Despite the negative consequences described above, few studies (Faria et al. 2013; present study) have focused on the effects of mechanically removing macrophytes on the phytoplankton community. In this study, we investigated the potential effects of mechanically removing macrophytes on the composition and cell abundance of phytoplankton in the Piraquara II reservoir, South Brazil. We performed phytoplankton incubations using water sampled before and after the macrophytes were removed and analyzed the compositional changes in the main phytoplankton groups. We hypothesized that cyanobacterial species would take advantage of the increased nutrients that appeared after a hydraulic excavator operation to remove macrophytes and would eventually outcompete the phytoplankton.

Materials and methods

Study Area

Lake Ingleses is a small 40 hectare arm of Piraquara II, a subtropical 560 hectare reservoir located in South Brazil (Paraná state). The reservoir has an average depth of 3.8 m and a maximum depth of 15 m (Consórcio Paranasan 2000). The macrophytes were removed from this short arm (Fig. 1). The macrophyte beds occupied a 22 hectare area in Lake Ingleses. The main aquatic species were rooted emergent Cyperus luzulae (L.) Retz and Paspalum exaltatum J. Presl, and free floating Eichhornia crassipes (Mart.) Solms, Salvinia auriculata Aubl., and Salvinia minima Baker, which move around under the influence of local wind.

Figure 1  Piraquara II reservoir, showing the location of Lake Ingleses, Piraquara, Paraná. Adapted from: Consórcio Paranasan 2000. 

The study area is located at 25°30'54''S−25°30'50''S 49°04'28''W−49°04'22''W, with an altitude of 892 m. The climate is Temperate Oceanic (Cfb) according to the Koppen system, with average temperatures of 12-20 °C and annual precipitation of 1450-1500 mm (Caviglione et al. 2000).

Mechanical removal of macrophytes in Lake Ingleses

The macrophytes were removed during August 5-9, 2013 using a Caterpillar 320C 17L/h hydraulic excavator equipped with a long reach boom (15 m); a drain bucket was operated to remove the aquatic macrophytes (see Scheer et al. 2016). The transport and disposal of the plant material from the reservoir to other areas nearby were made by two trucks (Mercedes Benz 2423, 6 × 4 traction) with 14 m3 dumping beds.

Total phosphorus and nitrogen concentrations in the water

Samples for analysis of total phosphorus (TP) and total nitrogen (TN) were collected before, during, and after the excavator operation, which lasted 5 days. One sample was taken on August 2, 2013, just before the operation activities started, and these samples are called “BEFORE” hereafter. Samples were collected 30 min after the operation stopped (total = 12) in the evening; these samples are labeled “AFTER” hereafter. Additional AFTER samples were collected on August 13, 14, and 16. TP concentrations were determined according to the APHA 4500-P-E analytical method prescribed in APHA (2012). This method was carried out in acid medium with orthophosphate reacting with ammonium molybdate and potassium antimonyl tartarate to form phosphomolybdic acid, which was reduced by ascorbic acid in molybdenum blue. The resulting compound absorbance was measured in a spectrophotometer at 880 nm. TN concentrations were determined by the oxidative digestion method with sulfate peroxide based on DIN EN ISO 11905-1. This method allows for free ammonia, ammonium, nitrate, nitrite, and organic nitrogen compounds to be converted to nitrate under oxidative conditions (DIN 1998).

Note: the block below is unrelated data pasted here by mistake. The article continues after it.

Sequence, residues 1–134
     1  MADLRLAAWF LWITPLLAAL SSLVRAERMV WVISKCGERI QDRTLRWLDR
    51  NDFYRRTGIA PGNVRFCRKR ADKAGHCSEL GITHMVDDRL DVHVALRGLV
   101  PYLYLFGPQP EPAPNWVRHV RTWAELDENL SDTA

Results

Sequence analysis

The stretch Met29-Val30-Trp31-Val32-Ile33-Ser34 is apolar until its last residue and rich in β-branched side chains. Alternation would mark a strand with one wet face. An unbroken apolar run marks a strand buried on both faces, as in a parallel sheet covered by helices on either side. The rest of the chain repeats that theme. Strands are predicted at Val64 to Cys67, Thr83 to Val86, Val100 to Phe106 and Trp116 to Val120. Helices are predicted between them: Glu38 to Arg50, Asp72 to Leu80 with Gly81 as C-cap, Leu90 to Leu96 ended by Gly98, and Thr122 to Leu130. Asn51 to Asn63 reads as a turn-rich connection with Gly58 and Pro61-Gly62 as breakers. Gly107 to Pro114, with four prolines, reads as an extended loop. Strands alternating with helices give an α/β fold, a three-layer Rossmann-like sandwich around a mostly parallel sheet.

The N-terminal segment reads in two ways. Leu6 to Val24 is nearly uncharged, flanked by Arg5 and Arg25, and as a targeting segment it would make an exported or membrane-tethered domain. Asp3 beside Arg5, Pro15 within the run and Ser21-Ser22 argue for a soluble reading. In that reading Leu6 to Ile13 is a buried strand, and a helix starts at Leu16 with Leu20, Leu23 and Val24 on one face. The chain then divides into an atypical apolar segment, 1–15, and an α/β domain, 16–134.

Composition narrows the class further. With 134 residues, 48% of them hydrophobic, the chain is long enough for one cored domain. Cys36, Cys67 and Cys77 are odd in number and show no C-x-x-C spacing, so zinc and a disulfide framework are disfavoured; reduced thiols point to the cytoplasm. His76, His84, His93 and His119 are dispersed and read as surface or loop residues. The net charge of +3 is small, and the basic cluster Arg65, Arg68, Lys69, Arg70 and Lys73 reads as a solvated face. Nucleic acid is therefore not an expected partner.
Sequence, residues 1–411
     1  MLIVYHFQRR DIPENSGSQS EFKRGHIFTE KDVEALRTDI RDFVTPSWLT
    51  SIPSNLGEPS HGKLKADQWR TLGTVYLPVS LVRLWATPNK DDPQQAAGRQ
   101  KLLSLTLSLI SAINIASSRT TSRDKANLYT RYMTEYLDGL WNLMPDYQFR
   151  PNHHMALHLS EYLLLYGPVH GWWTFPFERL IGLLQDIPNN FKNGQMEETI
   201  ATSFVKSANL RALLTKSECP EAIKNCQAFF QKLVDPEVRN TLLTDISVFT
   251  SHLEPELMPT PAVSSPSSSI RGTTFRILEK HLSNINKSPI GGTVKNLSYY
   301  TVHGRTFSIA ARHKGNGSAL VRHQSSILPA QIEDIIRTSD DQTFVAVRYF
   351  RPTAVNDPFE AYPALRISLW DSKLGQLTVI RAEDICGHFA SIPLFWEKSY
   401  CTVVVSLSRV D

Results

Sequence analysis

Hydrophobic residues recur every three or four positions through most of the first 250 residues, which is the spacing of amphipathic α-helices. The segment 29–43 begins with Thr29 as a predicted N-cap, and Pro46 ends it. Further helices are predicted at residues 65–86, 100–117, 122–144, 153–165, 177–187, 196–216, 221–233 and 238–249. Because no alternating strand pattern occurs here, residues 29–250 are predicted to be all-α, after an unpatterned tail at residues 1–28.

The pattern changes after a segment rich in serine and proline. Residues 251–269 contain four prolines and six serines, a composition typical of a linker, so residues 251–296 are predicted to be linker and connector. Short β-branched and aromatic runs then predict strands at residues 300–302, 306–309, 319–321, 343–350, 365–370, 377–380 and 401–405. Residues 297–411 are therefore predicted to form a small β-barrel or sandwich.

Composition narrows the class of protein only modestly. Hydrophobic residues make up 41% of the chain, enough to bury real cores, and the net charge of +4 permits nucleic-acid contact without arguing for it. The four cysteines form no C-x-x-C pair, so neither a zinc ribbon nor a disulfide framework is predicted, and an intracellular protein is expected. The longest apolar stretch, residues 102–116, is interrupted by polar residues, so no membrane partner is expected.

Phytoplankton sampling, experimental procedures, and counting

Two water samples (1 L each) were taken: one before macrophyte removal (August 5, 2013) and another one five days after removal (August 14, 2013). Aliquots of 300 mL of the BEFORE and AFTER samples were used for the incubation experiment.

The incubations were performed in 500 mL Erlenmeyer flasks, at 25 °C, with a light intensity of 150 µmol the photon·m-2·s-1, and a 12 h:12 h photoperiod. On days 1 and 20 of the incubation, subsamples of 6 mL were taken from each incubation and placed in Eppendorf tubes. The supernatant (5 mL) was removed, and the remaining 1 mL was preserved with Lugol’s solution to be used for the phytoplankton analysis. The classes of phytoplankton species were identified and the densities (number of cells in 6 mL converted to cell mL-1) of cyanobacteria, chlorophytes, and diatoms were estimated using a Sedgewick-Rafter chamber on an Olympus IX-71 inverted microscope at 400× magnification (Tokyo, Japan). At least 400 cells were counted to achieve a 10 % statistical error (APHA 1998).

Data analysis

Phytoplankton growth rates (µ day-1) were estimated for each group during the exponential growth phase according to the Andersen (2005) equation: (Ln Nt - Ln N0)/Δt; where Ln Nt is the natural logarithm of the final instant of time (in days), Ln N0 is the natural logarithm of the initial instant of time, and ∆t is the time interval (∆t = final time − initial time). The t-test was used to compare the first-day densities to the 20-day densities of each group (cyanobacteria, chlorophytes, and diatoms) at each treatment (BEFORE and AFTER), with a significance level of 95 % (P = 0.05). Data were log transformed (log X+1) to support normality and homogeneity of variance. All analyses were performed using R software ver. 3.0.2 (R Development Core Team 2013).